Lateral management: Raising the awareness about future possibilities

Lateral management: Raising the awareness about future possibilities

Innovative companies around the world are looking for new organisational models. The solution is: lateral management – a model suited to the digital economy and its requirements. Lateral management means allowing a diversity of objectives and processes, making organisations more flexible, focusing on the creativity of individuals and small groups and in particular: raising the awareness about future possibilities. Because if the principle of individual responsibility is to be established in organisations on a sustainable basis, the management style needs tochange as well.

What will managers and people in a future digital world be exposed to? Does it require a new human concept? In 1961 the US psychologist Douglas McGregor shocked the business world, which was still based on an authoritarian hierarchy, with his “Y theory”. This human concept says that people are essentially capable of self organisation and motivation. And that they like to take decisions autonomously. At Procter & Gamble some of his students implemented his ideas successfully in the 1960s. However, the company’s managers were not allowed to tell anyone how successful and productive autonomous structures in the company actually were. This competitive advantage should not be lost. Y worked.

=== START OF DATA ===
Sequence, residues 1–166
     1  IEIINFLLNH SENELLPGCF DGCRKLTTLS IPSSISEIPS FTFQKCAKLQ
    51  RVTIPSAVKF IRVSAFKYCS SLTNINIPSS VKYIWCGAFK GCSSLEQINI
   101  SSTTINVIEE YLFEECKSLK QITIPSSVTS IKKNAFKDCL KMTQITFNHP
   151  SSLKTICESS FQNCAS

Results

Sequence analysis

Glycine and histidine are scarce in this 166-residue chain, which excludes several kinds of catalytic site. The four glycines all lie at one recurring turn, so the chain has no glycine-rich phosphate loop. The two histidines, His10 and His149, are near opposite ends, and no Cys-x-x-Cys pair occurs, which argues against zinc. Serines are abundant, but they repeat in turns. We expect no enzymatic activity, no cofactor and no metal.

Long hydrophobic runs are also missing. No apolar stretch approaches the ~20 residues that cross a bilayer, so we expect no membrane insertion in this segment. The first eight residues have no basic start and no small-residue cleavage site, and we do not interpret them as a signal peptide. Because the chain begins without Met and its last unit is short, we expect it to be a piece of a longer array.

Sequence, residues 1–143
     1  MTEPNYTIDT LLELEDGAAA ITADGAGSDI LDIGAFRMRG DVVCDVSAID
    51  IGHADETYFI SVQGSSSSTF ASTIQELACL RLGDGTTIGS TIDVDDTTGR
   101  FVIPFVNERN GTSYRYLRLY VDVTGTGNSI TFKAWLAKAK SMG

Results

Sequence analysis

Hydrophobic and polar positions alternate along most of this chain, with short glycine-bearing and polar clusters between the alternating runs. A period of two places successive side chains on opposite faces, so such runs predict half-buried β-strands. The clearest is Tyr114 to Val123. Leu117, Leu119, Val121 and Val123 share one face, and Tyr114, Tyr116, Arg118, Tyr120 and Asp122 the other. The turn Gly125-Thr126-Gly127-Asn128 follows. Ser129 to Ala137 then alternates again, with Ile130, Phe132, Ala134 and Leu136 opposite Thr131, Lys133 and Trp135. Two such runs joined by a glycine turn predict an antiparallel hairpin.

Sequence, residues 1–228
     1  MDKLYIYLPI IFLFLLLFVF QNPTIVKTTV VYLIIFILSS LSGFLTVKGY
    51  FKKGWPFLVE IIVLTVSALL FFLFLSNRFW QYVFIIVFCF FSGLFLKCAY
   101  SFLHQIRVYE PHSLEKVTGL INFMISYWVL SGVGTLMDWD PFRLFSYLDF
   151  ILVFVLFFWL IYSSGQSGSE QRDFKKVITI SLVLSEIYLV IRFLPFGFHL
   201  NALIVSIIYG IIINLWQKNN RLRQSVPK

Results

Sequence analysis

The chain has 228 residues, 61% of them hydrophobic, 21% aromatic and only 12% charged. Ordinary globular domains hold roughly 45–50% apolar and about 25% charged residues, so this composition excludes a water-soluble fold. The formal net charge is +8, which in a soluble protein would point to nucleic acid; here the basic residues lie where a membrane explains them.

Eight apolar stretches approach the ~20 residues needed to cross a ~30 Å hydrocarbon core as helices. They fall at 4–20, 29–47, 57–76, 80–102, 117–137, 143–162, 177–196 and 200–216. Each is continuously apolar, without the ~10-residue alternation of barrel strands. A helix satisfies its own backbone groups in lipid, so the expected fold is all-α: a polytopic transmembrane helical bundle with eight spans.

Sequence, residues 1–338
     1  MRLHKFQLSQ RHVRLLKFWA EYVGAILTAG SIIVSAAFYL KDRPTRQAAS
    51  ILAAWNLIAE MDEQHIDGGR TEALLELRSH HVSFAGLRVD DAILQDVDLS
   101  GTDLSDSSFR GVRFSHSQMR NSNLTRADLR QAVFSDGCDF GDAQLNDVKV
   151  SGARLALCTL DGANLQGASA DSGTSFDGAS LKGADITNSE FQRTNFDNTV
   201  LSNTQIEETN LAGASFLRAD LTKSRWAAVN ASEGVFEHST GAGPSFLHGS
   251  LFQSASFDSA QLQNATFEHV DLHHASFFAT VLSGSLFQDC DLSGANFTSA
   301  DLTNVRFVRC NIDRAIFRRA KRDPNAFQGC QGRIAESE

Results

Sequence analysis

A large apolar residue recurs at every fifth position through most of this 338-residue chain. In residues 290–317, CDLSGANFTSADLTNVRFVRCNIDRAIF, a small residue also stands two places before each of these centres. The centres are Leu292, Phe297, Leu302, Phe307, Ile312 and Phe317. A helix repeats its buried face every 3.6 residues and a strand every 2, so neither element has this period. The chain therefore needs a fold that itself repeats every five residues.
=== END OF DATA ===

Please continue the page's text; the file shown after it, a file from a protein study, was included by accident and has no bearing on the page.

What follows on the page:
Managers value strengths, not weaknesses

Martin Seligman spent two decades developing a model of positive psychology (see “New Work und die Psychologie” by Markus Väth in Wirtschaftspsychologie aktuell, 2/2016). It is based on the idea of not asking what makes a person sick but looking at what keeps a person healthy and how he/she can develop. The implication of his ideas is that managers value people by their strengths – not by their weaknesses. He has also influenced modern concepts such as occupational health management and new work as well as research on flow and happiness in organisations.

In the 1990s Aaron Antonovsky developed salutogenesis (see: “Salutogenesis: Unraveling the Mystery of Health” by Aaron Antonovsky, DGVT, 1997). Antonovsky held that people are healthy when:

1. They understand the world they live in (comprehensibility)
2. They have a sense of significance and purpose (meaningfulness)
3. They feel that the world is workable and can be influenced (manageability).

In our culture-changing projects we frequently work with the salutogenesis concept. This is because digitalisation entails a significant change in the personal biography of many people. And that requires managers who create a lateral environment which is comprehensible to people, which makes sense to them and in which they can act. For some companies these ideas are really associated with a new human concept.